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    So have the Lawyers, Doctors, Inventors & Economists.
     
  11. OP
    SwordOfStCatherine

    SwordOfStCatherine Legend Political Irish

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    You know the expression "You couldn't make it up"? Well you literally couldn't make Churchill up.

    If I was to make a propaganda film for the physical force Dissos what I would do is go over Churchill and than show all these British people saying great things about him.
     
  12. Dublin 4

    Dublin 4 Legend Political Irish Donator

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    If only they knew... :rolleyes:
     
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  13. Generation Snowflake

    Generation Snowflake Member Political Irish

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    I went looking for that druids book, having seen all your freemason types in druid ceremonies and I find this historian

    William Winwood Reade - Wikipedia
    Seems to have written some interesting books along with this.

    Freemasonry And The Druids - W Winwood Reade : Free Download & Streaming : Internet Archive
    The veil of Isis, or, Mysteries of the Druids : Reade, William Winwood, 1838-1875 : Free Download & Streaming : Internet Archive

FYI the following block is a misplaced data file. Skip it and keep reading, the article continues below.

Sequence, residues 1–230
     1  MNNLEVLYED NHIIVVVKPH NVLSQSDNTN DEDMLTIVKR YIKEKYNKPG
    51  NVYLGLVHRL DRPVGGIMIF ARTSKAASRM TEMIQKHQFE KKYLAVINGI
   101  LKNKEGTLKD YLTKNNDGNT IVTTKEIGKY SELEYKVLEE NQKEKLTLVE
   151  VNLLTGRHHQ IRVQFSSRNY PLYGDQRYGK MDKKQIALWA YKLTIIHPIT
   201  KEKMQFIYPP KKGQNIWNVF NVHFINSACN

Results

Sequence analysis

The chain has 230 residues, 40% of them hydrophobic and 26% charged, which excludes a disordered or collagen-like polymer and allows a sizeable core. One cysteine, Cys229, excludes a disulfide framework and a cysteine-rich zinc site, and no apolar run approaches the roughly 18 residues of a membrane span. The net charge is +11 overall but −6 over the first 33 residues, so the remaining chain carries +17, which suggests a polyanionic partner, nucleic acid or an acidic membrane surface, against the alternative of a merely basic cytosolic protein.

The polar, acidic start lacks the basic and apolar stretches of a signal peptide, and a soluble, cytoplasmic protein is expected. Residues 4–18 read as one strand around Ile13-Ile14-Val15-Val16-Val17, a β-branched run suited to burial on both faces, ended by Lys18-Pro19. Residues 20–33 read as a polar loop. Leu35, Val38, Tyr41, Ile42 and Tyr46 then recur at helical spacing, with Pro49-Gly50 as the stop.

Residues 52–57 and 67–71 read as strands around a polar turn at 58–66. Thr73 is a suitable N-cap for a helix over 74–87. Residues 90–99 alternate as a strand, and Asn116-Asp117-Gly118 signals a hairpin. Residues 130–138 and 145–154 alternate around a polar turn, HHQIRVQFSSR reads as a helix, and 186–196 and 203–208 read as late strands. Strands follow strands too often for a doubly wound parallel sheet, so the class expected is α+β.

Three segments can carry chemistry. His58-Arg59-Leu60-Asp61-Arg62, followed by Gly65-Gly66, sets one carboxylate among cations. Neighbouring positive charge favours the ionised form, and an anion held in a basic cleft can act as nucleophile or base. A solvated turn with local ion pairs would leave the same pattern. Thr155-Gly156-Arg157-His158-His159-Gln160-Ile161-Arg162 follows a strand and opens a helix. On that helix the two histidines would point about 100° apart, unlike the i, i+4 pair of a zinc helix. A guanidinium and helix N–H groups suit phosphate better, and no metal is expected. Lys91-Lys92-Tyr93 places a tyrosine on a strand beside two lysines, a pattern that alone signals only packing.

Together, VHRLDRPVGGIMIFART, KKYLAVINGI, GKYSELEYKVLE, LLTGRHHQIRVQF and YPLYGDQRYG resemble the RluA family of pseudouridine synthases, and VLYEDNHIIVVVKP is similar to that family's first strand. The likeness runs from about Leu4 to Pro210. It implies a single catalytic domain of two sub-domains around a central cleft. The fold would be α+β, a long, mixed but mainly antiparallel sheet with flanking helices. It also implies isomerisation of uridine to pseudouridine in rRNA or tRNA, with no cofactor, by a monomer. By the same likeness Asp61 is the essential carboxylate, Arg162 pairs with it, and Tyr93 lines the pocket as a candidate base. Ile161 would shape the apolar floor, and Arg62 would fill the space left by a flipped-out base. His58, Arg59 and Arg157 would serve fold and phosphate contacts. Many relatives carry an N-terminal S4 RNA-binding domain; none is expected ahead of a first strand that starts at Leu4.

Im a little confused now, is this mostly larping. I mean the freemasonary and druids stuff.

    BTW Wheres the chuchill thread, couldn't find it sorry.
     
    Last edited: Sep 22, 2017
  14. Tadhg Gaelach

    Tadhg Gaelach Legend Political Irish Donator

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    I'm just looking through that Freemason book. There were any amount of different orders in the Roman Empire and they might all have fed into Free Masonism in one way or another. It's certainly not beyond belief that Druidism had an influence. After all, it was a very secretive code. The Gaulish Druids wouldn't even write down their texts, though we know they were able to write - and even write in Latin. There are law books in Irish on how to build mills and other constructions, so we know the Druids were keenly interested in technology. I'd say Free Masonism is more of an Eastern idea, but it could well have taken certain influences from Druidism.